• Ask questions to give your child a chance to use new vocabulary.
  • Narrate situations to help expose your child to new vocabulary. In time, your child may start to make connections with objects and situations to help develop his or her speech.
  • Give your child praise after he or she tries to talk or use new vocabulary.
  • Listen to music together. Many children love lively songs, like “Row, Row, Row Your Boat.” Songs can help children learn new vocabulary in a fun environment.

Fortunately, many child care centers provide many of these activities as well. If both you and your child care center focus on speech building activities, you can bring about environments that foster proper language development for your child.

As you try these activities, follow your child’s lead. If he or she shows interest in a song or picture book, talk about it. When you discuss your child’s interests with him or her, you encourage healthy speech and language development.

For more help, trust the child care providers at Kid’s Country Child Care & Learning Center to help your child reach his or her speech and language goals.

Most children have hard-to-read penmanship when they first start to learn to write. Holding a pencil is a unique action, and it takes time for the practice to become natural. Some children get frustrated with their bad handwriting, though, or sometimes a child just needs a little more practice.

In this blog, we discuss seven different activities that are not only fun but that will also help your child to improve and practice his or her penmanship.

1. Switch Up the Writing Instrument

A plain old pencil gets boring after a while. Switch it up by changing out the writing utensil. Use a
marker, a crayon, or a pen to bring in a little color. You don’t even have to write on paper anymore. Instead, get some dry erase markers and a whiteboard, or find some chalk and go outside to the sidewalk.

You can even take it one step further. Form letters with shaving cream. Use fingers to write in sand or salt. Break out the finger paints. Bake cupcakes and write a letter on each to form messages. Write letters in the air with a magic wand. Use your imagination.

2. Write From a Different Angle

You don’t always need to write at a table. Use a whiteboard or chalkboard to change the angle, or tape some paper to a window. You can even tape paper to the underside of the kitchen table and have your child write upside down. The extra challenge forces your kid to focus more.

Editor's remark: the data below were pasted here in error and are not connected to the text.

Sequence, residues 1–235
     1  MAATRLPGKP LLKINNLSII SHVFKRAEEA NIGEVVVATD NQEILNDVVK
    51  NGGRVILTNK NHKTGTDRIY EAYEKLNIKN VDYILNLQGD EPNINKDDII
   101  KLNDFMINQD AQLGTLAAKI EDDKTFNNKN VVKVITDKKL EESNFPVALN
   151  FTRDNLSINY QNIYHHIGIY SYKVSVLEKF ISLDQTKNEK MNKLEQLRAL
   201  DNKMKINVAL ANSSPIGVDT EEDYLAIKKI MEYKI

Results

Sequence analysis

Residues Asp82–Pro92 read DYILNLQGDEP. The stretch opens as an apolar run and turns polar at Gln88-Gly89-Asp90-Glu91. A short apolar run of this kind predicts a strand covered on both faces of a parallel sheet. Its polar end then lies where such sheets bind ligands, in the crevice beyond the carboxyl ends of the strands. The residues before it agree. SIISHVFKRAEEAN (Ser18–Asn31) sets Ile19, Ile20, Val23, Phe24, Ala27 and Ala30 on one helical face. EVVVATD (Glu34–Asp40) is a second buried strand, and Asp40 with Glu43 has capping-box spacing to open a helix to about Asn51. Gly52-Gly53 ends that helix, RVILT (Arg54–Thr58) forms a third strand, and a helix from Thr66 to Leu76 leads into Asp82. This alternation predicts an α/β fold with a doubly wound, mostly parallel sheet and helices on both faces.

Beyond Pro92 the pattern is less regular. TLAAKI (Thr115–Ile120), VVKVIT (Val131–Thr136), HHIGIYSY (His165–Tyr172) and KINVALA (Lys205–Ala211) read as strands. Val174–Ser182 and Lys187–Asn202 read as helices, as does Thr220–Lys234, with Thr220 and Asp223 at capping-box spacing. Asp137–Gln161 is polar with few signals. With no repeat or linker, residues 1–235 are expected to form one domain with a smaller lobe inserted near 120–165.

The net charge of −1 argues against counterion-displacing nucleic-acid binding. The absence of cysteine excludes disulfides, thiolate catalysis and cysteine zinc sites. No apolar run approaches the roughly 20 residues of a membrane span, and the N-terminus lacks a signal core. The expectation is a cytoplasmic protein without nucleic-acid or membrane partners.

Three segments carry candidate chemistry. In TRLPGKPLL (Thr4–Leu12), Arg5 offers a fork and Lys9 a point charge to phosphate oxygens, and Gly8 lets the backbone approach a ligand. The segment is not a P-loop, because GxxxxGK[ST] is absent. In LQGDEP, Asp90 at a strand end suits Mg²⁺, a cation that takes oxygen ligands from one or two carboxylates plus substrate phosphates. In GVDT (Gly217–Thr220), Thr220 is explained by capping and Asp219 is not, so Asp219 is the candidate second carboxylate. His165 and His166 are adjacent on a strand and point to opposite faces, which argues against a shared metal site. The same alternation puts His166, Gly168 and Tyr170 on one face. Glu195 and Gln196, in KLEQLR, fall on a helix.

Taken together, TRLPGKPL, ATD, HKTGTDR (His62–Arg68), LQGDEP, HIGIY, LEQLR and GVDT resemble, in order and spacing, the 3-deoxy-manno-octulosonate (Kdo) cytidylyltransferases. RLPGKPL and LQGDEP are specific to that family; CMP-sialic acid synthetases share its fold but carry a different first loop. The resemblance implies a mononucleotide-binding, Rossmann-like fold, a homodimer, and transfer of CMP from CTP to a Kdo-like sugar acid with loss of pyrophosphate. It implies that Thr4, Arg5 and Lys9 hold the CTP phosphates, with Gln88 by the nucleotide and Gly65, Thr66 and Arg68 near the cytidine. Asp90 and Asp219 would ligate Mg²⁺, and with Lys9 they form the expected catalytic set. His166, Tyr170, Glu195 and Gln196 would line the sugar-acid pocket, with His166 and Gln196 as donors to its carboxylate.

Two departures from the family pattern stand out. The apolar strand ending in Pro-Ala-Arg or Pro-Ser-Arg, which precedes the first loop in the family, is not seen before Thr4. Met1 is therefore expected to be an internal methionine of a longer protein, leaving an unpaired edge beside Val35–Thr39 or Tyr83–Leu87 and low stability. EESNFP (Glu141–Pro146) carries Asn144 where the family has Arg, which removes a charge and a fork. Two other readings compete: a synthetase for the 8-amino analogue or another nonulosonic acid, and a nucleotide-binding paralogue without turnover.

3. Pretend to Be Secret Investigators or Spies

Buy a couple notepads or small notebooks and pretend to be secret investigators. Find clues and have your child write them down so you can look over them later and solve the mystery. Or pretend to be spies and leave secret coded messages for each other. These activities don’t force your child to focus on the writing aspect, so a particularly reluctant child may have an easier time.

4. Find a Pen Pal

Pen pals have always been an excellent way to help penmanship. If your child has a friend who lives far away or a cousin, aunt, or grandpa he or she misses, start an ongoing correspondence with your child and that person. For special occasions, make homemade cards.

5. Create Comics or Trading Cards

If your child loves comic books, help him or her to create an original story or strip. It could be the story of a superhero your kid created or the story of his or her favorite superhero. Maybe your child loves role-playing card games, like Pokemon. Have him or her create a brand new Pokemon and design the card.

6. Write and Illustrate Stories

Is your child an avid storyteller? Encourage him or her to put those stories down on paper. Does he or she have a deep love for Nancy Drew or Percy Jackson and want more stories from those universes? Those stories can be created and written by your child. All these stories can be illustrated too, and even that element will help with penmanship by fine-tuning your child’s motor skills.

7. Copy Iconic Fonts

Everyone, even your kids, knows what Google’s and Facebook’s logos look like. Everyone can recognize the fonts for Harry Potter and Star Wars. Have your child trace or copy those iconic logos and fonts. This will help him or her get more comfortable and confident the same way copying any letters will, just this time, it’s something more fun.

Be encouraging. Remember it may take some time before you can see any improvement in your kid’s handwriting, and that’s okay. The main concern is that he or she keeps practicing-and keeps having fun.